Airports and fixed-base operators show signs of taking electric aircraft seriously

Vertiports, charging stations and locations are planned or under discussion by some

Details are beginning to emerge about the planning underway by some major airports and their associated fixed-based operators in the United States to prepare for electric aircraft that will ferry passengers to and from their properties, provided the aircraft are certified by FAA.

Some airport officials have begun talking with developers of electric air taxis, perhaps the most prominent class of designs, to decide where on their properties or nearby these vertical takeoff and landing aircraft should land and take off from, and whether a vertiport must be constructed for them.

Meanwhile, 2024 has been a big year for announcing plans to install charging stations at sites run by fixed-base operators, the companies that often lease space from an airport to host charter aircraft, business jets and general aviation aircraft.

Orlando-based Signature Aviation, which has 200 FBOs in 27 countries, said in March that it will electrify sites across the East Coast and has commissioned a charging station at Manchester-Boston Regional in New Hampshire. In January, Atlantic Aviation, which operates 100 FBOs in North America, said it will electrify sites in New York and Southern California in collaboration with Joby Aviation, at unspecified sites with Archer Aviation and also with Beta Technologies at “several” locations, including Elmira Regional Airport in New York. Separately that month, developer Overair of California announced that it would electrify the FBOs at John Wayne Airport and Van Nuys Airport in collaboration with FBO owner Clay Lacy Aviation, which has 34 FBOs in the United States.

FBOs are a logical location for early electric aircraft service because such facilities already provide fueling, maintenance and amenities for private, general aviation flights, says Chris Oswald, the senior vice president for safety and regulatory affairs at Airports Council International-North America, a trade association that represent airports and aviation companies.

“FBOs already offer the services and transport to the main terminal that [electric] air taxi passengers will need,” Oswald tells me.

Initially, says Oswald, accommodating electric aircraft flights at FBOs will be fairly easy as long as the traffic is relatively low-volume and the aircraft pilots adhere to visual flight rules “in much the same way they accommodate helicopter operations today.”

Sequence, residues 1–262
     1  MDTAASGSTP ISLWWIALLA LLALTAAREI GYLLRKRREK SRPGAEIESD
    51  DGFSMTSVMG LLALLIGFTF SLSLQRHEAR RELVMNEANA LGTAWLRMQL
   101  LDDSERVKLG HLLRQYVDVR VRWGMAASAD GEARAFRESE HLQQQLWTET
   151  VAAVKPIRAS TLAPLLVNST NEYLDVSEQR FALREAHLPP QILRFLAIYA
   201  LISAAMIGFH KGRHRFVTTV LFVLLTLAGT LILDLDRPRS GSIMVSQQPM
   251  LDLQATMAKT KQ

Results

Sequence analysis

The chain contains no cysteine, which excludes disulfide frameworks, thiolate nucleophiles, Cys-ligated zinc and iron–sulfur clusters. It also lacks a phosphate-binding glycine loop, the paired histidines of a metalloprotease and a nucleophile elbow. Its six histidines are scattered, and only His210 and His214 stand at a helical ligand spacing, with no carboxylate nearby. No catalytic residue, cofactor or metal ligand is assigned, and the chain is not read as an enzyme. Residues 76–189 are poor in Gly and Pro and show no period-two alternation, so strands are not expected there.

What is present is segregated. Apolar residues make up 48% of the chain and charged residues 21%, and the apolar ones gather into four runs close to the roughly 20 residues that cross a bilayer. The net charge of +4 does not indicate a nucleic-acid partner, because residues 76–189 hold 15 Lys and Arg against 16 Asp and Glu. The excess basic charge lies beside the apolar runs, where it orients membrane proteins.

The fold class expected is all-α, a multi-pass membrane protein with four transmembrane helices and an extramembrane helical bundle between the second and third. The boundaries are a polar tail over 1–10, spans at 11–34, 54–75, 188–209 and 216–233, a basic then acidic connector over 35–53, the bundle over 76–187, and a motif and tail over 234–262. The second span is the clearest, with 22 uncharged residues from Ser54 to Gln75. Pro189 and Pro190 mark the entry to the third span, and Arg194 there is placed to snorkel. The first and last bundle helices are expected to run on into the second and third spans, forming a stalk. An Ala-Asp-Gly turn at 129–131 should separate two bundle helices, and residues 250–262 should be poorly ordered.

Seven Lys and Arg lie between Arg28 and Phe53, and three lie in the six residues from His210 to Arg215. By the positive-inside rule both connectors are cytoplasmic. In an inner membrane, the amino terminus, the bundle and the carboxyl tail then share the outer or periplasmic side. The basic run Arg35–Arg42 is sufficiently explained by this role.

It’s only when electric aircraft traffic, for urban air taxi routes or regional commutes, ramps up that airports and electric aircraft companies will need to plan for additional infrastructure and air traffic control, he says, and that could be many years or decades away.

Regional flights from one FBO to another may be one of the earliest use cases for electric aircraft, says Alex Gertsen, director of airports and ground infrastructure at the National Business Aviation Association, based in Washington, D.C. He refers to the broader pool of electric aircraft under development as advanced air mobility.

“I think the goal for our AAM operators, as they first start operating, will not want to build major infrastructure, but rather set up operations that work with the current system as much as possible, like FBOs,” Gertsen says. “When it comes to building a dedicated vertiport for air taxis, every airport is very unique in terms of where that will be located.”

While no electric aircraft are yet providing commercial passenger service, Arizona company SMG Consulting tracks the locations that plan to accommodate them.

“FBOs are beautifully made for the start of AAM service, but they are not built for the high volume expected in coming years,” says Sergio Cecutta, SMG’s co-founder.

He’s not sure if adding an electric charging station to an FBO necessarily means you can call it a vertiport. “I suppose that would be the simplest vertiport possible. FBOs have everything a vertiport requires. This is real competition for anyone planning to get into the vertiport business, in the early years of AAM service anyway,” he says.

Scott Cutshall, senior vice president for strategy and sustainability at California-based Clay Lacy, tells me: “The primary task of the FBO under its lease is to provide fueling, and that is evolving now to include charging batteries.”

He predicts that the cost of taking an electric air taxi in the first years after they become available will limit their use to corporate clients or wealthier individuals who currently fly through FBOs.

“If we prove that these air taxis can save time and get you off the road at an affordable price, that’s when the service will really take off and we’ll see new networks of vertiports,” he says, “but until those things are proved out, I think it’s mostly at FBOs.”

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Airports and fixed-base operators show signs of taking electric aircraft seriously